x = a_{ }sin_{ }u, where a is a constant; this enables us to find integrals such as $\displaystyle I = \int\dfrac{1}{\sqrt{32xx^2}}\,dx$. To evaluate this integral, we first write the quadratic expression appearing under the square root sign in completed square form.
✦ Write 3 − 2x − x^{2} in completed square form.
✧ 3 − 2x − x^{2} = 3 − (x^{2} + 2x) = 3 − [(x + 1)^{2} − 1] = 4 − (x + 1)^{2}
So $\displaystyle I = \int\dfrac{1}{\sqrt{32xx^2}}\,dx = \int\dfrac{1}{\sqrt{\smash[b]{4(x+1)^2}}}\,dx$. We now make the substitution y = x + 1; then the integral becomes $\displaystyle I = \int\dfrac{1}{\sqrt{4y^2}}\,dy$. This integral can easily be found by the substitution y = 2_{ }sin_{ }u, so that dy = 2_{ }cos_{ }u_{ }du, then
${\displaystyle\int}\dfrac{1}{\sqrt{4y^2}}\,dy = {\displaystyle\int}\dfrac{1}{\sqrt{\smash[b]{4(2\sin u)^2}}}(2\cos u\,du)$
$\phantom{{\displaystyle\int}\dfrac{1}{\sqrt{4y^2}}\,dy}= {\displaystyle\int}\dfrac{1}{2\cos u}(2\cos u\,du) = \Int 1\,du = u + C = \arcsin(y/2) + C$
Replacing y by x + 1, we finally have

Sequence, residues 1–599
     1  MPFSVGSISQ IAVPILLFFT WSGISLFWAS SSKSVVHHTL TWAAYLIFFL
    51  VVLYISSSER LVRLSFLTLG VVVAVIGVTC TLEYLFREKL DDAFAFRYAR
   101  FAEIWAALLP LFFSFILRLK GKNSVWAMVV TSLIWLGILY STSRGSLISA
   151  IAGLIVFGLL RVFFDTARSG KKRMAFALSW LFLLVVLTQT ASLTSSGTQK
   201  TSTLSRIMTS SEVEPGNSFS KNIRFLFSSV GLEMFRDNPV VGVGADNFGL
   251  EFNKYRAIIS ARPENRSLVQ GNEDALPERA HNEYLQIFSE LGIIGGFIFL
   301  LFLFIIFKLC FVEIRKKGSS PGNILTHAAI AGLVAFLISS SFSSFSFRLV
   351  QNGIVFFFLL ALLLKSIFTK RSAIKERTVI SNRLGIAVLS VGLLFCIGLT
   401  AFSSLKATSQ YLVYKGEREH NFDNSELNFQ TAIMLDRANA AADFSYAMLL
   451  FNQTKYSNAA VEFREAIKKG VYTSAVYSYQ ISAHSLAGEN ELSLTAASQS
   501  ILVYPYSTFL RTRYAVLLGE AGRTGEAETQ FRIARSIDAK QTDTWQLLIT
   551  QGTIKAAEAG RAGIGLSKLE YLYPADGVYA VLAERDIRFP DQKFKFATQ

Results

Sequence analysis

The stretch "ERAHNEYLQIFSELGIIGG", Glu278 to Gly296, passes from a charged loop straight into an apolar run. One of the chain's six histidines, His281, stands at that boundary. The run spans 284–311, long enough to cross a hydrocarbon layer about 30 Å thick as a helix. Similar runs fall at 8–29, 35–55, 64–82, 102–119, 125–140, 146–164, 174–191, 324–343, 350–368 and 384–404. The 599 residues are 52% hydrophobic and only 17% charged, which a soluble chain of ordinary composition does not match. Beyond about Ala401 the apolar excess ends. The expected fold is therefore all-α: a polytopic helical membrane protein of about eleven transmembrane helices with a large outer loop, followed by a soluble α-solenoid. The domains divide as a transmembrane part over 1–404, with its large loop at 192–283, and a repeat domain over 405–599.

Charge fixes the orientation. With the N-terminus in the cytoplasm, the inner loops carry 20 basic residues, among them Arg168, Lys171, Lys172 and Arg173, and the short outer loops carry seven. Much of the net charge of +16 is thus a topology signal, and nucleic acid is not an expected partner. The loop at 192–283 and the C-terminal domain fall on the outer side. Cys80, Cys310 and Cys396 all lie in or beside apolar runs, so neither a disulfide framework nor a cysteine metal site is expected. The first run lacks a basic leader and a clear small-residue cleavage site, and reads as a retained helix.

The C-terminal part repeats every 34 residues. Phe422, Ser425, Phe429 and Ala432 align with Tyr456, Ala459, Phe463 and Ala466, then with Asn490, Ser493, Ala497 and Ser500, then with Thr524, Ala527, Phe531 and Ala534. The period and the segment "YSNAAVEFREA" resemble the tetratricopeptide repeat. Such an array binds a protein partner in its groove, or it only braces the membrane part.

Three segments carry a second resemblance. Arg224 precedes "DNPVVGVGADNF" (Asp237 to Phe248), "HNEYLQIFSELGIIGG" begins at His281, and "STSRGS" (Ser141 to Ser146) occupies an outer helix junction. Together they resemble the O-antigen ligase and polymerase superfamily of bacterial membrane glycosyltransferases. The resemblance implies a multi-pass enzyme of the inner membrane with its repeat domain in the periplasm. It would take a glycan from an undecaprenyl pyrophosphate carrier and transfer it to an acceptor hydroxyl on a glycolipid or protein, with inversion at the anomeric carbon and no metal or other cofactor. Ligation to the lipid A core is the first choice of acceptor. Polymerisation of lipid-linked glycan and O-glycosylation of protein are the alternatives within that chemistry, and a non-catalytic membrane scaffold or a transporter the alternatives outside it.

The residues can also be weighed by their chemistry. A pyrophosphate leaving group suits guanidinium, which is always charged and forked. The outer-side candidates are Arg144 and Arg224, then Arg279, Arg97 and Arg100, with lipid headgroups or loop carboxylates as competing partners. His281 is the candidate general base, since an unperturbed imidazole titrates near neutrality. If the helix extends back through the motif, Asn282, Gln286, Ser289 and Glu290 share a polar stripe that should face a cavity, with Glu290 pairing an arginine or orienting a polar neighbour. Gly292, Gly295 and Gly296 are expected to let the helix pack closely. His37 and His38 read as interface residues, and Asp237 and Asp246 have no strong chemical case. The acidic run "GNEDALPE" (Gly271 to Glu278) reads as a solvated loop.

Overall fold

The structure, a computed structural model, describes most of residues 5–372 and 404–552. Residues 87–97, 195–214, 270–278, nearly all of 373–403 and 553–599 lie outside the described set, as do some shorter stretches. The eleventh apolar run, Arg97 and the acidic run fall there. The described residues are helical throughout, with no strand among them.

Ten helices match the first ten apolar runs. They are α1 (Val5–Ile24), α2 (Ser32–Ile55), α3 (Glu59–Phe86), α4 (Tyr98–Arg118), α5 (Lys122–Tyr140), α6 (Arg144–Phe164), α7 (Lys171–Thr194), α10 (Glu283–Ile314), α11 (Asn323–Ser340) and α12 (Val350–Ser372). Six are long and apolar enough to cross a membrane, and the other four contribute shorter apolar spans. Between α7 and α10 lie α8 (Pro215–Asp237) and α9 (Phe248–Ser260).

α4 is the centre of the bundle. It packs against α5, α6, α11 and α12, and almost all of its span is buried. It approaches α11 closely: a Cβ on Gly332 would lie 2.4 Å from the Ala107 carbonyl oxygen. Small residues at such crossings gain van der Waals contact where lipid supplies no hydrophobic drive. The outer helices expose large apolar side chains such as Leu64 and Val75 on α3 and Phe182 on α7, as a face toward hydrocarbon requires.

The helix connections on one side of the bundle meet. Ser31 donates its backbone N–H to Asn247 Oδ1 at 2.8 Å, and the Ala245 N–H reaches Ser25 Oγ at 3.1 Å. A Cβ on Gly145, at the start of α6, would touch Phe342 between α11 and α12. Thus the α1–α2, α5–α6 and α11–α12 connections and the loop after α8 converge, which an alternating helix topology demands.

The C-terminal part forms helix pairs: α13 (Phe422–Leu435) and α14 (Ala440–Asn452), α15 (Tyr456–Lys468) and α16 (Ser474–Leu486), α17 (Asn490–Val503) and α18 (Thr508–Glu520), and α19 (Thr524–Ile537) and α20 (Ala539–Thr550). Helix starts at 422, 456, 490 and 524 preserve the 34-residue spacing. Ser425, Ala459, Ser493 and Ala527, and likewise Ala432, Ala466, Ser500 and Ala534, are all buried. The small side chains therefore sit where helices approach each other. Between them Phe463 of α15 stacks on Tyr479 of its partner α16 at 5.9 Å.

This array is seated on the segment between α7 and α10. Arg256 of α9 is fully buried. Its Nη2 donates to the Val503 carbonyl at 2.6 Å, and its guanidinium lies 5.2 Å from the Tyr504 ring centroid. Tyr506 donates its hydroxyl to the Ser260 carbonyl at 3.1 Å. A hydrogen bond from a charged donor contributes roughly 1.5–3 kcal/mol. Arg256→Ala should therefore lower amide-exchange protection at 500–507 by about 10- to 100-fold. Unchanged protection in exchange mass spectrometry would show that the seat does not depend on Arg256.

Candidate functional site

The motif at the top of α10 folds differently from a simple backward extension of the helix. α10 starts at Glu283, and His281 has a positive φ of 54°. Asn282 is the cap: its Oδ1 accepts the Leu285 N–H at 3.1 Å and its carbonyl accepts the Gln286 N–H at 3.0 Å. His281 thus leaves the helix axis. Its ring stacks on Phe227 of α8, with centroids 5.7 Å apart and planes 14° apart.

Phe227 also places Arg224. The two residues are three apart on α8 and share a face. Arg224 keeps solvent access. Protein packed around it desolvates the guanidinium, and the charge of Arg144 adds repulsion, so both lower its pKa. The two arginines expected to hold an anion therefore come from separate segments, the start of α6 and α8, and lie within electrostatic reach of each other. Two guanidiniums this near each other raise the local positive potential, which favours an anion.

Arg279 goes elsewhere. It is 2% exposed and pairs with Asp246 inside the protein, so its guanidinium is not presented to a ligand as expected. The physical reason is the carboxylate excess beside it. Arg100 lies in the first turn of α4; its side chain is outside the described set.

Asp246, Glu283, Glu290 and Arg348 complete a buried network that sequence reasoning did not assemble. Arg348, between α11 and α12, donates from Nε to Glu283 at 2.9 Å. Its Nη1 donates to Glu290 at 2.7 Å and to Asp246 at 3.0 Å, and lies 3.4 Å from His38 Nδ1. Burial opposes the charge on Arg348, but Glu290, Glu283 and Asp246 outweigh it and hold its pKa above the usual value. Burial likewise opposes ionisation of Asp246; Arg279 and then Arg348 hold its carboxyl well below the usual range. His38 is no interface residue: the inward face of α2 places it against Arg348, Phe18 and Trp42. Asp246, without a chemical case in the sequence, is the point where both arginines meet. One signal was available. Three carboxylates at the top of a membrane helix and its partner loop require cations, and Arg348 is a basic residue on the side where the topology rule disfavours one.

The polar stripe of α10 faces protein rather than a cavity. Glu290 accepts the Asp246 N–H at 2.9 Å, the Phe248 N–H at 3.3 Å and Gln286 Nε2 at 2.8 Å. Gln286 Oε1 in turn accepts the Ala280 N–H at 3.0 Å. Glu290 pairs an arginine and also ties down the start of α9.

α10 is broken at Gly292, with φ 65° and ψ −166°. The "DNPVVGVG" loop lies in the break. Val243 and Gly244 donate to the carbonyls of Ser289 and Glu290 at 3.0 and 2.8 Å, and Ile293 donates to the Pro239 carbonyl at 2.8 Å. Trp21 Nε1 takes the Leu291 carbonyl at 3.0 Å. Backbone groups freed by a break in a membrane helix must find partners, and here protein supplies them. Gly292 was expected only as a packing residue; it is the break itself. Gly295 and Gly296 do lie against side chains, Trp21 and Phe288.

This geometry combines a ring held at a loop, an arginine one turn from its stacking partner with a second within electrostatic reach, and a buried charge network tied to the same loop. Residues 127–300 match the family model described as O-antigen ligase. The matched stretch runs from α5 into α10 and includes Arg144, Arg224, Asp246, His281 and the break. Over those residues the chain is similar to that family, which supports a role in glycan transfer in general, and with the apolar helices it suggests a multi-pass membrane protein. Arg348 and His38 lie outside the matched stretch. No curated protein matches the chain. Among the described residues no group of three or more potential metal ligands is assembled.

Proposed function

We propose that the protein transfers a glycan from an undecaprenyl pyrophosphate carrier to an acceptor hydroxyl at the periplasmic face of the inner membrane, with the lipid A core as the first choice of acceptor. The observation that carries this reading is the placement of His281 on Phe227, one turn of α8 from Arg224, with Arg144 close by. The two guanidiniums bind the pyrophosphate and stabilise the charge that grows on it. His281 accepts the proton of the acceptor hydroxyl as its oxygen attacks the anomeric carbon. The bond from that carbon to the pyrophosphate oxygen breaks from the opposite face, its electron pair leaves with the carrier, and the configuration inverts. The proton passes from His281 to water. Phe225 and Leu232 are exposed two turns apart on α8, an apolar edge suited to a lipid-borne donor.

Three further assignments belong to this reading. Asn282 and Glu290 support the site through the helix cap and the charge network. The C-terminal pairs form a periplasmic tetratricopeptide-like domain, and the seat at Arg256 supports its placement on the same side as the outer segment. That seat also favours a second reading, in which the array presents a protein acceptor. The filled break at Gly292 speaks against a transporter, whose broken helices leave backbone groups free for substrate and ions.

$\displaystyle I = \int\dfrac{1}{\sqrt{32xx^2}}\,dx = \arcsin\left(\dfrac{x+1}{2}\right) + C$
Here is another example, which again we will set out as a series of steps.
Find the integral $\displaystyle I = \int\dfrac{1}{6xx^2}\,dx$.
Step 1 Write 6x − x^{2} in completed square form:
6x − x^{2} = − (x^{2} − 6x) = −[(x − 3)^{2} − 9] = 9 − (x − 3)^{2}
so $\displaystyle I = \int\dfrac{1}{\sqrt{9(x3)^2}}\,dx$
Step 2 Make the substitution y = x – 3; then $\displaystyle I = \int\dfrac{1}{\sqrt{9y^2}}\,dy$
Step 3 Make the substitution y = 3_{ }sin_{ }u; then $\sqrt{9  y^2} = 3\cos u$ and
dy = 3_{ }cos_{ }u_{ }du. So $I = \Int 1\,du = u + C$
Step 4 Express I in terms of x:
$I = u + C = \arcsin\left(\dfrac{y}{3}\right) + C = \arcsin\left(\dfrac{x3}{3}\right) + C$
Question T4
Find the integral $\displaystyle I = \int\dfrac{1}{\sqrt{9+8x2x^2}}\,dx$.
Answer T4
Step 1 Write the quadratic expression under the square root sign in completed square form:
9 + 8x − 2x^{2} = 9 − 2(x^{2} − 4x) = 9 − 2[(x − 2)^{2} − 4] = 17 − 2 (x − 2)^{2}
So$\displaystyle I = \int\dfrac{1}{172(x2)^2}\,dx$